* Opposition accused Mahama of rigging poll
* Observers said voting was free and fair
* Mahama promises unity, development
By Kwasi Kpodo
ACCRA, Jan 7 Ghana's opposition boycotted the
inauguration of President John Dramani Mahama on Monday,
ignoring his appeals to end a dispute over last month's election
in the West African state seen as a model democracy in the
Mahama, who narrowly defeated his rival Nana Akufo-Addo in a
Dec. 7 vote, pledged to focus on development and unite
"There is a tremendous amount of work that still needs to be
done. More jobs must be created. More roads must be built,"
Mahama, dressed all in white, told cheering crowds in the
Ghana became Africa's newest oil exporter in 2010 with the
startup of Tullow Oil's offshore Jubilee field, propelling
economic growth to 14.4 percent in 2011.
That rise has not been reflected in average incomes in the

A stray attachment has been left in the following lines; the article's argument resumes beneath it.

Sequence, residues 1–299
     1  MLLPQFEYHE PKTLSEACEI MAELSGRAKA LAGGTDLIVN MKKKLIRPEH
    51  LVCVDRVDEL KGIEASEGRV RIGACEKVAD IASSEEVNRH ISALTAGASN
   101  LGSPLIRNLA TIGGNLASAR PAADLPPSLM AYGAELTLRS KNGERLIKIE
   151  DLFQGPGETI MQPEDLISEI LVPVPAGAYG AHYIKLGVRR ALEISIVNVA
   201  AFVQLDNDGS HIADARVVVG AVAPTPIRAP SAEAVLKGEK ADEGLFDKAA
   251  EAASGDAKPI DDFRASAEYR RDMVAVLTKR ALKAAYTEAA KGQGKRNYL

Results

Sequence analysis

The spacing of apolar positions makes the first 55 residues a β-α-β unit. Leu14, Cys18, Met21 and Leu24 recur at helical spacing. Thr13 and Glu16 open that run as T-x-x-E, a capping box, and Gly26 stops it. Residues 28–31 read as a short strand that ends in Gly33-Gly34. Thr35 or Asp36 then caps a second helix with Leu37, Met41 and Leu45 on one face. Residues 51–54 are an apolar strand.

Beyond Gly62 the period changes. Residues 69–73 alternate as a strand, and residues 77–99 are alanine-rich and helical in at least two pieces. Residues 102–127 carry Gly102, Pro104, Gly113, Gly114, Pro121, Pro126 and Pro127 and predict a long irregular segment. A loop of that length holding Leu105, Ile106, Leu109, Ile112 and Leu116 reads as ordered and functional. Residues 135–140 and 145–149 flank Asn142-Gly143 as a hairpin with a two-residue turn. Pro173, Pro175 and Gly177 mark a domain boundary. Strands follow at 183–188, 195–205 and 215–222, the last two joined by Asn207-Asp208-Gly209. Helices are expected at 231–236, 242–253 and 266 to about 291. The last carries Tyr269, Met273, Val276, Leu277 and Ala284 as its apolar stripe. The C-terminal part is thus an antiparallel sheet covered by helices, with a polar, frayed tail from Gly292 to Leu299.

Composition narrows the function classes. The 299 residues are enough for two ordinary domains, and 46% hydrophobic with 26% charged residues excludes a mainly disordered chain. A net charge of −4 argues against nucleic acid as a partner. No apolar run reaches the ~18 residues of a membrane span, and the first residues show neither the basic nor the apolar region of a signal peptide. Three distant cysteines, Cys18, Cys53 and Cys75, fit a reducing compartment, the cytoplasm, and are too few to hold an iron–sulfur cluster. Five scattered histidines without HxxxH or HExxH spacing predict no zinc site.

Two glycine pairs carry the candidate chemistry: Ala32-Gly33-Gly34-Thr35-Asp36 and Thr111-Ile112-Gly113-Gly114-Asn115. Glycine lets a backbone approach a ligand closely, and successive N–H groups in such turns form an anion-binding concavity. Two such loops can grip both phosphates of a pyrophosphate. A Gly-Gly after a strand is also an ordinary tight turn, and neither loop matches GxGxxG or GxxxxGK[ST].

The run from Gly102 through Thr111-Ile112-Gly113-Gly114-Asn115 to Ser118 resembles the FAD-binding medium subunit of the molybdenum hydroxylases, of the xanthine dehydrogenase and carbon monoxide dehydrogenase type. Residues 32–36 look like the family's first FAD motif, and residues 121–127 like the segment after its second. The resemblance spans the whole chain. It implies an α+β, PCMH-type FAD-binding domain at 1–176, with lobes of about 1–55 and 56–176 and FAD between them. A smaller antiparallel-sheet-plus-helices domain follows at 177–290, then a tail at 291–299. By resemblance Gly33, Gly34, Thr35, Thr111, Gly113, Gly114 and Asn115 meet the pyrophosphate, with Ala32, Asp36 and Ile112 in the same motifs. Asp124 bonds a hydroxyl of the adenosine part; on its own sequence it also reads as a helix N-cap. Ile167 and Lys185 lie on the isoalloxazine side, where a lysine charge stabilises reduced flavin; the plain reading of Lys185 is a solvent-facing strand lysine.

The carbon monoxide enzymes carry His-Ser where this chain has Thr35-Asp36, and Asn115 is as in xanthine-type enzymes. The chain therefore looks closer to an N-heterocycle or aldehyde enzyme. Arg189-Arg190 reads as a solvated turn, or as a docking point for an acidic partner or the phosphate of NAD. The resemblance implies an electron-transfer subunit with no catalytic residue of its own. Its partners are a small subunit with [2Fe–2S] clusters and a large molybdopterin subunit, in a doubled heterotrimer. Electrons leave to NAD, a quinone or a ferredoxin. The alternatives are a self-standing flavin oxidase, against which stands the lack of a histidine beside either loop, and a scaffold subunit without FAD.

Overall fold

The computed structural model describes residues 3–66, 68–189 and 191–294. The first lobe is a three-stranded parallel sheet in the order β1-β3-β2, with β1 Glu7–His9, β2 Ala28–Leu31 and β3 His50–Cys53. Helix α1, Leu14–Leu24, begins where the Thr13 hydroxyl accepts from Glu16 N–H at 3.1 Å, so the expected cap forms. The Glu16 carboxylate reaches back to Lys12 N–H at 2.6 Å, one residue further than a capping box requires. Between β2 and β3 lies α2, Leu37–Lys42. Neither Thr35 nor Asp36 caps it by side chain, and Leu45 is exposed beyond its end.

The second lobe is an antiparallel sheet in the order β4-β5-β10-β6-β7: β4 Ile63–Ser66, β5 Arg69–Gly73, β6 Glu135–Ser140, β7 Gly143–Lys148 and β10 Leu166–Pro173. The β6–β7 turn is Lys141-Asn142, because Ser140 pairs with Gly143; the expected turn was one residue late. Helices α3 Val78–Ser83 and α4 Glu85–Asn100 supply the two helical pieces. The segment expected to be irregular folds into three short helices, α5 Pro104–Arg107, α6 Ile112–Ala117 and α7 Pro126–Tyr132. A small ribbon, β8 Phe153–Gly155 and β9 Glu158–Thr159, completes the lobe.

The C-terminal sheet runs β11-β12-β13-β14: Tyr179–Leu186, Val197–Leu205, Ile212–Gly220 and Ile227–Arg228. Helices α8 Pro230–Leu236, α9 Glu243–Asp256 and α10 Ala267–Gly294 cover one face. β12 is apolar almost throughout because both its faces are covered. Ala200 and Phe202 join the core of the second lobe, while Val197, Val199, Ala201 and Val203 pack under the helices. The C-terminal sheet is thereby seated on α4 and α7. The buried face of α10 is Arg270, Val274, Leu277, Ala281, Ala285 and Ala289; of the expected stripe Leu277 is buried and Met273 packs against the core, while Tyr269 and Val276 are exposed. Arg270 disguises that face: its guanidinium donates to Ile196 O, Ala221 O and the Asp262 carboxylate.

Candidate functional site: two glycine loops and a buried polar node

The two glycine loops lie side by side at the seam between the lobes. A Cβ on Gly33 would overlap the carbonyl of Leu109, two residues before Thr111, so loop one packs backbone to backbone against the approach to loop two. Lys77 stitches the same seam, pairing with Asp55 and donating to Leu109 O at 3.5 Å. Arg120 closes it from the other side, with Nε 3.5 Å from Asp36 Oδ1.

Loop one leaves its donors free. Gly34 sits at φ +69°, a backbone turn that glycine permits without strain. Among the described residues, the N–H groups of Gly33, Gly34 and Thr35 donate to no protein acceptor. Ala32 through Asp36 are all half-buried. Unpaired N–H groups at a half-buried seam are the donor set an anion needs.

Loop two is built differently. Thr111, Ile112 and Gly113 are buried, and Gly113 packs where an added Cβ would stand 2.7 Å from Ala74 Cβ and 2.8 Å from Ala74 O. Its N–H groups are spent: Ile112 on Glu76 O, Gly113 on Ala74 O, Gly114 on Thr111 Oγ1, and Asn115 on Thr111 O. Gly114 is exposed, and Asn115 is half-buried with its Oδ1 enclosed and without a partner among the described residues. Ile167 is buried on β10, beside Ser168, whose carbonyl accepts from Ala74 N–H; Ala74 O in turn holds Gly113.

cocoa and gold exporter.
Ajufo-Addo's opposition New Patriotic Party (NPP) accused
Mahama - a former vice president who took office in July after
the death of President John Atta Mills - of rigging the Dec. 7
The NPP said it was pushing ahead with a legal challenge to
the election results.
"We have filed an action at the Supreme Court seeking to
overturn the declaration of results so we don't want to be part
of any event which is based on those results," said Nana Akomea,
the party's director of communication.
International observers said the election was free and fair
despite delays and technical problems that forced voting into a
Mahama won the ballot with 50.7 percent of the vote to
Akufo-Addo's 47.7 percent, just enough to avoid a second round.
Former-president John Kufuor, an NPP member, did attend the
ceremony, defying the boycott and a group of young party members
who gathered outside his house to persuade him not to go.
South African President Jacob Zuma and Nigeria's Goodluck
Jonathan joined other African leaders at the ceremony in the
seafront Independence Square.
Earlier, a new parliament dominated by the ruling party took
office and elected its speaker and deputies.
Ghana is one of Africa's fastest growing economies and has
maintained three decades of peace, making it a favourite among
international investors and an anomaly in a region better known
for revolts and civil wars.
(Reporting by Kwasi Kpodo; Editing by Daniel Flynn and Andrew